So, Birdbox on Netflix was a pretty good movie by my estimation, but...
Despite its similarities to The Happening by M. Night Shyamalan (where an unseen force also makes people kill themselves in large numbers) it was a win for all involved, I think.
I get that some people absolutely loathed it, and some people were left underwhelmed by the predictable plot. But an unstoppable antagonist that, upon sight, makes people kill themselves was always going to be a win to my horror-movie sympathies.
The inclusion of a sinister minority of people who go insane upon seeing this nameless entity (or entities) also added a macabre psychological twist that greatly assisted the pace of the movie. After rewatching it last night, it is this group of insane people that interests me the most. It's not just that they added a slasher/hillbilly-killer motif to the movie, and no, it's not just that their eyes looked metal af.
It was this scene right here that got my Culty-senses tingling:
This scene is glaringly obvious to anyone who's read The Bible of Cthulhu. That right there is Cacography! For those who haven't yet read it, here's what The Bible says about Cacography:
"Your Dreamlands Journal and journey into lucid dreaming can be exponentially assisted with the use of Cacography, the art of Scribblings of Madness. Sometimes words fail – indeed it is for this reason that we use R’lyehian (see page 201) – and this is especially true in the mysterious twilight moments between dreams and lucidity. Once we have woken from the deep and our minds are still foggy, sometimes putting down into words the exact experience of the dream is daunting and near impossible. Worst of all we can watch as our dreams slip through our fingers while we scramble for the right adjectives to describe them. This is where the art of Cacography becomes useful. Cacography is the simple act of quickly scribbling out what has been seen, heard or felt in the dream; a visual representation of what was experienced in The Dreamlands. This does not necessarily need to capture a point-of-view had within the dream (though that usually is the case) but simply serve as a way to document the emotions of the dream, be they elation, dread or otherwise. The idea is that looking upon the mad scribbles later will reignite your memory and emotion in relation to The Dreamlands experience. After all, a picture is worth a thousand words. There is a meditative quality to practicing Cacography, and when the image is done using only one line without lifting the pen from the page it can become quite a creative experience in itself. It is recommended for Cultists to use charcoal or chalk as these mediums aid in the process, though any method will ultimately serve the purpose of Cacography."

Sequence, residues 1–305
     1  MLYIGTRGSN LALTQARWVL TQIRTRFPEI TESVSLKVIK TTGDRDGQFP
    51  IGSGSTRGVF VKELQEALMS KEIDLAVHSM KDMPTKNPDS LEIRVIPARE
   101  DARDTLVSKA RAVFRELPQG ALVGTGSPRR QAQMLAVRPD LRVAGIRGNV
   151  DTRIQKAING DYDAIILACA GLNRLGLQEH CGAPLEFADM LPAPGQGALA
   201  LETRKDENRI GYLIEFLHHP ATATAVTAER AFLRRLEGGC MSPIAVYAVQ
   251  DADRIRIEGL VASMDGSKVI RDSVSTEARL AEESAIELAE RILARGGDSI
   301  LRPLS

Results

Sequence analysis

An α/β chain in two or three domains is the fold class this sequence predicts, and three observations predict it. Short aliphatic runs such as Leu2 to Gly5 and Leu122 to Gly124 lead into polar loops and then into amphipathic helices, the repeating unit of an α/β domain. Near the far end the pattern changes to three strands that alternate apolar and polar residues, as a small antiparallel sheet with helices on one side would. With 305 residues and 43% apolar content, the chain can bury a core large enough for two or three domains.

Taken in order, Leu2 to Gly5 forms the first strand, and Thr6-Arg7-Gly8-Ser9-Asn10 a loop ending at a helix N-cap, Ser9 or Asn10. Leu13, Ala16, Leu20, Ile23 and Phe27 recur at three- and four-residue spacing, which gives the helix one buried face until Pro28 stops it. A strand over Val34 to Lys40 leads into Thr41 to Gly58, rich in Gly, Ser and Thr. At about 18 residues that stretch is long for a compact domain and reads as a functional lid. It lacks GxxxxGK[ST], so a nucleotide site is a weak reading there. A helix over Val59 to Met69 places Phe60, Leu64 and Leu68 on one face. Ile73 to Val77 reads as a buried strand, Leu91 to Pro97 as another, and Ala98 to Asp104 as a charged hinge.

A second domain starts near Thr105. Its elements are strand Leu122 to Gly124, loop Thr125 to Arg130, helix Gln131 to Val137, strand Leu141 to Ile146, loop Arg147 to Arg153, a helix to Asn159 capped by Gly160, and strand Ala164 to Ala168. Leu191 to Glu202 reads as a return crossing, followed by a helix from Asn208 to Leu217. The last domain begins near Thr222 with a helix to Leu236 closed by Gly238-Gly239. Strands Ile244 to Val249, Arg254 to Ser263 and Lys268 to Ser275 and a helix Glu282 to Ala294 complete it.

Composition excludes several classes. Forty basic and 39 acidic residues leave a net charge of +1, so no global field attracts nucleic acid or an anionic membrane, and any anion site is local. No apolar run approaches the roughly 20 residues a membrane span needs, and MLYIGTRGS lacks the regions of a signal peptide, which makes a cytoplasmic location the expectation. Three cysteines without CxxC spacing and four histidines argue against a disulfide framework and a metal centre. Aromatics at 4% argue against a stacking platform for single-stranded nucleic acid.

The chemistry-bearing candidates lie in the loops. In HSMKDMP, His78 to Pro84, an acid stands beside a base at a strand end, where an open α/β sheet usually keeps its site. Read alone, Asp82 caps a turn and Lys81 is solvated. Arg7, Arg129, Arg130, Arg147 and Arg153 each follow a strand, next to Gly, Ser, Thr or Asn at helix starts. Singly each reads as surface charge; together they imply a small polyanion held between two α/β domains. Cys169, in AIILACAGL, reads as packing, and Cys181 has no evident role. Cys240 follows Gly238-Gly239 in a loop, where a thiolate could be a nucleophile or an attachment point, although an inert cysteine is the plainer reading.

And here's an example of some of Wyntre's Cacography:
Looks familiar, no? Now, I'm not suggesting that the dudes in Birdbox are actually Cultists. But there are more than a few other similarities between Birdbox and The Cthulhu mythos. Check. 1. People lose their minds upon seeing the creatures
This is a very obvious, though overlooked, tie-in to the Cthulhu Mythos. Any Cultist worth their salt knows that seeing any of The Old Ones immediately induces insanity. Wouldn't normally rational people who kill themselves out of nowhere count as a form of insanity? I think so.
2. A select few people, upon seeing these madness-inducing monsters, find beauty and purpose
We all know that The Call is a central part of our belief system. The Old Ones, to us, are not what they are to others. Where others see horror we see beauty. Where others see madness we see sanity (there is literally a chapter in The Bible called "Sanity & Madness"). Seems pretty close to what the cultists in Birdbox feel when looking at these nameless entities.
3. These cult-like followers also seem to bide to the laws of Unification
Anyone who's read The Bible of Cthulhu understands Unification. Heck, even those who have combed this site know what it means. Okay, granted, the would-be cultists in Birdbox are pretty hectic about it, and given that there's a good chance that the normal people will literally kill themselves upon being converted, it's a bit extreme. But can we really ignore the similarity?
And can we really ignore the use of the word "heck" in this paragraph? Probably not.
4. An invisible trickster tempts and manipulates humans The 'normal' people in Birdbox experience auditory hallucinations when around one or more of the monsters. These hallucinations often take on the guise of loved ones in an attempt to manipulate them to fall under the sway of the monsters will. I don't know about you but this sounds a heck of a lot like Nyarlathotep to me (there's that word again). He's the shape-shifting trickster Old One that utilizes these exact techniques to spread chaos and anarchy.
(If you've been hiding under a rock and haven't read Nyarlathotep by H.P Lovecraft yet then please, for the love of Yog-Sothoth, do yourself a favor and download this free pdf of the story)
5. And the final most damning piece of evidence of all:
Tell me that's not Cthulhu. And this is what's in The Bible of Cthulhu...
And you know what? Look a little closer and you'll find Azathoth there too.
I'm the first to champion the idea that H.P Lovecraft's work has permeated all culture, and I'm not saying that Birdbox was written by someone with Cultist sympathies (though I mean... it's possible, isn't it? We seem to be fucking everywhere right now).
I'm just saying that when you rewatch this movie with The Cult of Cthulhu in mind it makes for a far more poignant and enjoyable viewing experience. At least for those of us who have been Called ;)
Nyarlathoth, Order of No Name, Speaker for The Cult of Cthulhu